Additionally, it may be the case that Turkmenistan may not have the necessary additional volumes of natural gas for export via the Caspian Sea. At present, Turkmenistan is actively collaborating with China in this field. The two countries have built gas pipelines in Turkmenistan; China has been developing major fields and building the necessary infrastructure. By 2017, the total capacity of the pipeline system from Turkmenistan to China is set to reach 80 billion cubic meters of gas. According to bilateral agreements, Turkmenistan has pledged to supply China with 65 billion cubic meters of gas annually by the end of 2021.

At the same time, there is a very high demand for natural gas in Turkmenistan’s domestic market. For example, in 2014 more than 76 billion cubic meters of natural gas were produced in Turkmenistan. Only 45 billion cubic meters were exported, while the rest of the gas was consumed domestically. In 2015, natural gas production in the country reached 83.8 billion cubic meters, of which 48 billion cubic meters were exported. Thus, in order to start exporting gas westwards, Turkmenistan needs to dramatically increase its gas production. This is theoretically possible, but requires substantial investments. It will also require a guarantee that there will be sustainable and stable access to the gas transportation system to the west.

However, even in this regard there are problems. At the moment, the infrastructure for transporting natural gas has been designed to accommodate the volumes coming from the Azerbaijani Shah Deniz 2 offshore field. This infrastructure is part of the Southern Gas Corridor (SGC). Under the aegis of the SGC, the South Caucasus pipeline (Baku-Tbili- si-Erzurum) will be expanded, and construction of TANAP in Turkey, and TAP in Greece, Albania and Italy will be started. Azerbaijani gas is expected to be transported by these routes by 2018. Initially, it is expected that the volume of natural gas will be 16 billion cubic meters. The gas pipeline will be expanded to export 23 billion cubic meters by 2023, and 31 billion cubic meters from 2026 years. All volumes are calculated for export of Azerbaijani gas. Volumes from other gas fields such as Absheron, Umid, Babek will also become avail- able for export. In other words, pipelines may not actually be available to carry Turkmen gas.

There may be a way of transporting small volumes of Turkmen natural gas, or for Azerbaijan to create the necessary infrastructure for the use of CNG at the domestic level. However, Turkmenistan may not be very interested in exporting small volumes, as its goal is not only to enter Western markets, but also to create a fully diversified export transport system.


Thus despite the advantages of CNG transportation in comparison to pipeline transportation, there remain geopolitical challenges. Russian and Iranian opposition to the construction of the Trans-Caspian pipeline is based on their alleged concerns about environmental protection in the Caspian Sea. These countries are against the creation of a new corridor for gas exports from Central Asia; they want all gas exports from this region to European markets to pass through their territories, for both geopolitical and geo-economic reasons. There- fore, these countries can put pressure both on Azerbaijan and Turkmenistan, in order to prevent the introduction of a new Caspian transportation option.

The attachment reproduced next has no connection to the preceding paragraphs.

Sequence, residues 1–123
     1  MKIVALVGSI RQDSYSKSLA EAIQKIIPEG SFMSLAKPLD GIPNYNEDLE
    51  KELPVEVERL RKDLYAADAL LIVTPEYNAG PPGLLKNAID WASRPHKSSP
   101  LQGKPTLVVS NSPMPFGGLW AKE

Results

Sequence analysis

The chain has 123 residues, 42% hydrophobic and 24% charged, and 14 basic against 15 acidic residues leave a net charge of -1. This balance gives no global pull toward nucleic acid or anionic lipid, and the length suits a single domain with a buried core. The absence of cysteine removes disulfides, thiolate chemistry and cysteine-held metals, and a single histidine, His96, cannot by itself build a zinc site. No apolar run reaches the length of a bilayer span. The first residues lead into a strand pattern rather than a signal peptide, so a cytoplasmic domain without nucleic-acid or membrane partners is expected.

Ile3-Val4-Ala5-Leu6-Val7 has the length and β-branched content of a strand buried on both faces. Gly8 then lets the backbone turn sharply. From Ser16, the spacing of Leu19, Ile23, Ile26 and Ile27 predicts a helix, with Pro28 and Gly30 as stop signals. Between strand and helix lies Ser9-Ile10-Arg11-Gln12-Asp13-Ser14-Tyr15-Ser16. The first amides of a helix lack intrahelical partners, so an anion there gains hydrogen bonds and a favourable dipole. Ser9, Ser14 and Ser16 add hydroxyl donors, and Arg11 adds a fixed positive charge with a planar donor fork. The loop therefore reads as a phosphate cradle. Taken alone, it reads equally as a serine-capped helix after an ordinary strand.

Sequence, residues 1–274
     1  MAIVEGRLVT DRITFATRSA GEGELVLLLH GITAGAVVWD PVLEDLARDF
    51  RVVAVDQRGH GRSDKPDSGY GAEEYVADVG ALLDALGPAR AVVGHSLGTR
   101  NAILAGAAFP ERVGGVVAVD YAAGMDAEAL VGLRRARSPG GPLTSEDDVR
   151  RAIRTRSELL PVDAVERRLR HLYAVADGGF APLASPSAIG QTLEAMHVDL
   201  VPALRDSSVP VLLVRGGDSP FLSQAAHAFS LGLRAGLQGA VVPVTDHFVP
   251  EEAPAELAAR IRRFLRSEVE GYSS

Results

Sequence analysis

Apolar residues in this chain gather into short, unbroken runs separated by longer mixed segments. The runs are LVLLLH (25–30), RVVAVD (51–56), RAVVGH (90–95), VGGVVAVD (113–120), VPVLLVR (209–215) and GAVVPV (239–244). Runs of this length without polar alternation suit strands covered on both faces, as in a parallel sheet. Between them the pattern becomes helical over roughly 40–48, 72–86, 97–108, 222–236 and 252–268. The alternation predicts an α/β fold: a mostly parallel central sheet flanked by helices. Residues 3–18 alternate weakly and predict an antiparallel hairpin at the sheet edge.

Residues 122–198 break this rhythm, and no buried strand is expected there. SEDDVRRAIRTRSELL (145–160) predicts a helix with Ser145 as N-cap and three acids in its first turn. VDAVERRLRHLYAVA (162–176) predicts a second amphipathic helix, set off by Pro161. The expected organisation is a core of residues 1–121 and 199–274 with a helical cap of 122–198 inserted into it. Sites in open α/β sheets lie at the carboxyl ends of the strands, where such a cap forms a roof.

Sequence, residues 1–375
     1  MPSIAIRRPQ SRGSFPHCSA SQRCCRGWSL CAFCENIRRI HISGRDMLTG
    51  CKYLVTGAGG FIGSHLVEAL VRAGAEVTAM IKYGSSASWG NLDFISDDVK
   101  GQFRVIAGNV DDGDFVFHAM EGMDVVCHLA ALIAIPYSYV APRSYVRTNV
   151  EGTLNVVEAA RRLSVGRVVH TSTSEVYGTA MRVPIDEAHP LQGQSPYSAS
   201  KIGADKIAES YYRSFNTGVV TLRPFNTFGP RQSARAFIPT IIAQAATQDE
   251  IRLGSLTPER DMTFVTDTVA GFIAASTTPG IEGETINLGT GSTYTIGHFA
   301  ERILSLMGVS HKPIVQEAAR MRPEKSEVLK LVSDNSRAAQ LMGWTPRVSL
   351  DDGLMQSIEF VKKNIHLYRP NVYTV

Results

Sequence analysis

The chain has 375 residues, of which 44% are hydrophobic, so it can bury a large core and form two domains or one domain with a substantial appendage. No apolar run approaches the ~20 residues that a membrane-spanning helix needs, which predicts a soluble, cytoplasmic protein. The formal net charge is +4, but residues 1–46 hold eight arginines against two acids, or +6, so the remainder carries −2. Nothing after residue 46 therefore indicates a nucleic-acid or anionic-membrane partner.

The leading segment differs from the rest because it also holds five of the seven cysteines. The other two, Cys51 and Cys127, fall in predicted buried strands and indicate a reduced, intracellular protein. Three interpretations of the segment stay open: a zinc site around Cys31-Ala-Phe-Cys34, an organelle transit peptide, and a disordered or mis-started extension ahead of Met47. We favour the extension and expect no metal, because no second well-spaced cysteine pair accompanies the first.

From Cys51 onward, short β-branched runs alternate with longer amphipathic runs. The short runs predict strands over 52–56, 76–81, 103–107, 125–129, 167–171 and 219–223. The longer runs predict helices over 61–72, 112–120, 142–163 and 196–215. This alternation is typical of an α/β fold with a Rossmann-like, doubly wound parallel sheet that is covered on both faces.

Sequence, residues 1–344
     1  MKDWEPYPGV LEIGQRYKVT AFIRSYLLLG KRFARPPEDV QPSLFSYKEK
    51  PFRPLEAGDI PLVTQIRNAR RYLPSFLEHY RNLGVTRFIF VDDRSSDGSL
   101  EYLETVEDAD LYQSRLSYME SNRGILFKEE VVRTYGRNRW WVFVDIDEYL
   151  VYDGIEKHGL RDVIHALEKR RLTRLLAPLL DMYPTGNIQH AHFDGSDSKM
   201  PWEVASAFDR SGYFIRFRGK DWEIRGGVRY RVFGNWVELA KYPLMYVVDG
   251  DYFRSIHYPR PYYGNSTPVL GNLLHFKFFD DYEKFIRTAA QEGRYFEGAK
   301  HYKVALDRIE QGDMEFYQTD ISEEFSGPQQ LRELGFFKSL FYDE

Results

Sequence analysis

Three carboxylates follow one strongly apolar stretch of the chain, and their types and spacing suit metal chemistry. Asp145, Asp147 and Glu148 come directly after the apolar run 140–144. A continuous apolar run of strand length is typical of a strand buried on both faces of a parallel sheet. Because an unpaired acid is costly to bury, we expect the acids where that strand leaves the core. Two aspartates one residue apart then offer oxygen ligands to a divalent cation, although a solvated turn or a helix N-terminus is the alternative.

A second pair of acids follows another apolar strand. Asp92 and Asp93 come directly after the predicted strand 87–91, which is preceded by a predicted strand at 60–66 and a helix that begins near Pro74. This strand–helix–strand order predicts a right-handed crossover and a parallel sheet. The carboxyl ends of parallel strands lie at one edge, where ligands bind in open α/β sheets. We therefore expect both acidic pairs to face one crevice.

In general, this idea is interesting and warrants discussion. It is very important to develop and consider new opportunities both in and of themselves, as well as in combination with other proposals. The possibility of CNG transportation via the Caspian Sea is one such opportunity.

About the author:
*Assoc. Prof. Dr. Rovshan Ibrahimov
is a faculty member at the Hankuk University of Foreign Studies. He is an expert in energy policy and security of Black Sea/Caspian region, natural gas markets and foreign policy of Azerbaijan.

This article was published by CCEE as Policy Brief 24 (PDF).

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Caspian Center for Energy and Environment (CCEE) of the ADA University is a core institution providing policy relevant and academic research, teaching and training, as well as variety of outreach activities in the sphere of energy and environment in the wider Caspian region. The CCEE is the offspring of the strong belief that there is a need for a forum in energy dialogue in one of the most consequential energy regions of the world – in the wider Caspian Basin. Critical sources of inspiration have been the geographical location and functional specialization of ADA University, two features endowing the institution with a unique capacity to meet the challenge.